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Patrick Wang

Advent of Code 2020 Day 10

Part 1

Day 10’s problem is about charging outlets and adapters. We wish to charge some device, and we need to make sure that we use each end every adapter to charge it. There are, however, additional rules:

  • Each adapter must be use at most once;
  • The “joltage” difference between two adapters must be at most 3.
  • The first charging outlet has an effective joltage of 0.
  • Our device has a built-in joltage adapter 3 jolts higher than the highest-rated adapter we have.

We are then given a list of joltage ratings for our adapters, and the question in Part 1 is to compute the product of the number of 1-jolt differences and the number of 3-jolt differences.

16
10
15
5
1
11
7
19
6
12
4

One thing that is actually quite straightforward is that, because we have to use all the adapters, we can simply sort these by increasing joltage to get the actual sequence of adapters being plugged one after the other. Then, it’s just a matter of counting the 1-jolt or 3-jolt differences. We simple need to be careful and remember about the charging outlet (which has a joltage of 3) and our device adapter, which is automatically 3 jolts higher than our highest-rated adapter. So, that would give the following program in Python:

adapters = [int(adapter) for adapter in lines]
adapters.sort()

# We take into account the charging outlet, which may produce a 1-jolt difference
off_by_one = 1 if adapters[0] == 1 else 0
# We take into account the device adapter, which produces a 3-jolt difference
off_by_three = 1

for i in range(len(adapters[:-1])):
    if adapters[i] + 1 == adapters[i + 1]:
        off_by_one += 1
    elif adapters[i] + 3 == adapters[i + 1]:
        off_by_three += 1
print(off_by_one * off_by_three)

Part 2

In Part 2, the rules are changing a little bit: while the 1-3 jolt difference still applies, we don’t have to use all the charging adapters anymore. And now, the question we have is: how many distinct arrangements of charging adapters are there?

If we take the example input given a little higher, this is all the arrangements we have following these new rules:

Arrangements

If we simply count the number of leaves on this tree, we find that 8 is the number of distinct arrangements for this input sample. This illustration should also give us some idea on how to solve Part 2: we could create such a tree and recursively check each adapter for its number of possible “sub-adapters”. If we end up on a leaf, we simply return the value 1.

Let’s see how we can create such a tree first. Although I have never mentioned it before, the Python syntactic sugar helps a lot in creating what we want thanks to list comprehension.

# adapters is the sorted list of integers we have created in Part 1
# It's quite easy to create the list of possible values thanks to list comprehensions
tree = {0: [x for x in adapters if x <= 3]}
for i, adapter in enumerate(adapters):
    values = [x for x in adapters[i + 1:] if x - adapter <= 3]
    tree[adapter] = values

Now we can start to think about the recursive function that will count the number of terminaisons in the tree. However, before we do that, there’s a line in the problem statement we haven’t paid attention to yet:

There must be more than a trillion valid ways to arrange them! Surely, there must be an efficient way to count the arrangements.

If we look at the tree illustrated above, we can actually see something: because of how the tree is built, the ends of each branch always have the same nodes. In the illustration above, we see that the arrangements are always the same after node 12. And so, we realize that there is a way to optimize our algorithm a little bit if we were able to “memorise” how each node can terminate. Like this, we would not be recursing again and again in the same nodes. This technique is actually called memoization. It relies on a map that will store the values we want (in our case, the number of branches that stem from each node).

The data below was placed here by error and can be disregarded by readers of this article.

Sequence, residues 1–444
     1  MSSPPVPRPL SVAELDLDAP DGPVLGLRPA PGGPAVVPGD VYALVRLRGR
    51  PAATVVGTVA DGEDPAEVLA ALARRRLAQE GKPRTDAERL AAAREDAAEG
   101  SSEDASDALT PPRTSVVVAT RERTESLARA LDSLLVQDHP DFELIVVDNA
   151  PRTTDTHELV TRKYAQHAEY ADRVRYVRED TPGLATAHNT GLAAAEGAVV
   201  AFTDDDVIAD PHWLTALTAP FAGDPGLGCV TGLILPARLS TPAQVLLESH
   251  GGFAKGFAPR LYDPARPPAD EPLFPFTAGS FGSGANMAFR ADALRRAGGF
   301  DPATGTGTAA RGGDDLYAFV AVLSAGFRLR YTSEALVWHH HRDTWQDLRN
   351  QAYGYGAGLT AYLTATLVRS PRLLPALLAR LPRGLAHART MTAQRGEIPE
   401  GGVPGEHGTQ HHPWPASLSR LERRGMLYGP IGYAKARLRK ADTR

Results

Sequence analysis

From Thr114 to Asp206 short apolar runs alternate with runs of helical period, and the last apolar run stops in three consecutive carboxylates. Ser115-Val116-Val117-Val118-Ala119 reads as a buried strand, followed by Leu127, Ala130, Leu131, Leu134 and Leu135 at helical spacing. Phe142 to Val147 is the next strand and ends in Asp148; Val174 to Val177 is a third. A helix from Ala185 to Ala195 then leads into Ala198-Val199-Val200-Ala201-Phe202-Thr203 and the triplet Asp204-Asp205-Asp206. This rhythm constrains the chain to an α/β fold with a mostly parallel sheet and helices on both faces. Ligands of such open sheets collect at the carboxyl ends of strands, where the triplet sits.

With memoization, Part 2 can be solved pretty quickly (and elegantly).

def memo_search(memo_map, current_node):
    # If the memoization map does not have a value for our current_node
    if current_node not in memo_map.keys():
        # We set it to 1 if it's a leaf
        if not graphe[current_node]:
            memo_map[current_node] = 1
        # We apply the recursive call on each following node
        # with a list comprehension and compute the sum of the list
        else:
            memo_map[current_node] = sum(
                [memo_search(memo_map, node) for node in graphe[current_node]])
    return memo_map[current_node]


# Same part as shown previously
# adapters is the sorted list of integers we have created in Part 1
# It's quite easy to create the list of possible values thanks to list comprehensions
tree = {0: [x for x in adapters if x <= 3]}
for i, adapter in enumerate(adapters):
    values = [x for x in adapters[i + 1:] if x - adapter <= 3]
    tree[adapter] = values
memoization_map = {}
arrangements = memo_search(memoization_map, 0)
print(arrangements)

Concepts and difficulties

Part 1 of Day 10 does not present any sort of difficulty. The only aspect that could trick us is to forget about the first and last joltage difference.

Part 2 is more interesting. It requires that we create a map that would represent the tree of all possibilities. Then, we could creating a simple recursive function, but that would quickly become too time-consuming because there are so many arrangements in the real input data! For example, my final answer is 3,022,415,986,688 (well above 1 trillion, as the problem statement says)! And so, Part 2 is a very good opportunity to showcase the use and interest of memoization, which makes my algorithm produce this results in 458ms.

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